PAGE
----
“Reindeer” is the latest documentary about skiing, in which the sport integrates refugees living in the sleepy towns of Scandinavia where, in the course of an extreme sport, they are thrust into the world of unemployment, isolation and starvation.
The reindeer are truly dynamic: Then they are vulnerable, then gentle, then grumpy; then eating one another. “Reindeer” builds itself around a surprisingly complex saga of lost lives — the fisherman who sees his life explode, the hunter who sees her daughter die — and up to a harrowing crisis when a “reindeer flu” coincides with an outbreak of the deadly norovirus.
The pace is kinetic, but the tone is surprisingly soft-spoken and observational. The central narrative point is not necessarily how the people of the town of Trondheim cope with the virus, but how it diminishes their sense of community and purpose.
Filmmaker Katrine Bergfelt and her fellow directors certainly depict lovely spaces within the idyllic communities of Scandinavian skiing – beautiful snowy villages, ample lodges and restaurants, handsome chalets and resort apartments, the occasional cheesy truck decoration.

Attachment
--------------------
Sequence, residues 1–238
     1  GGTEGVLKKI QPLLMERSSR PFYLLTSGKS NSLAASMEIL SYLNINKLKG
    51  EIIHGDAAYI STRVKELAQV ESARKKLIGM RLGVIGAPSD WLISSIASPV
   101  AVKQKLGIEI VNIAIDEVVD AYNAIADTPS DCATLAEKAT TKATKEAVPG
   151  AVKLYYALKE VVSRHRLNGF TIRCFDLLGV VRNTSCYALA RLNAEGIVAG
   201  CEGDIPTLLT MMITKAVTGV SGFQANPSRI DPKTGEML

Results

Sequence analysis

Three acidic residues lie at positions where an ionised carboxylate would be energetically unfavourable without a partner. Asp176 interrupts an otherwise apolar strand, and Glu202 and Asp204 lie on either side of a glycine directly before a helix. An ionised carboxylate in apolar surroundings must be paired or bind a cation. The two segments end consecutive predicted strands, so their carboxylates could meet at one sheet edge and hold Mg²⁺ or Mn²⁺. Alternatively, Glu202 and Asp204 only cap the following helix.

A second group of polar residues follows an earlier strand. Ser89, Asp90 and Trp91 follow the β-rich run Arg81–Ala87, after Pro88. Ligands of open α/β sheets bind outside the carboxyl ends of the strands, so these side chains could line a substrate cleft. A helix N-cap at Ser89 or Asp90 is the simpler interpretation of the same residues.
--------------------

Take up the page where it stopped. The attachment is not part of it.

But the cinematography is primarily natural and unobtrusive, allowing the people who inhabit these spaces to become at once the focal points of the film and quietly part of the landscape.
Still, “Reindeer” feels excessive at times, and while the film is elegantly produced, it doesn’t quite match the enchantment of the sprawling, beautiful Alpine images in the Italian film “Swan Lake.”
But the same can be said for much more profound films in which people struggle with their sense of purpose and existential concern in the context of a decidedly less colorful landscape. The bleakness of Bergfelt’s film is paradoxically its most moving element. “Reindeer” works on the wrong side of the coin.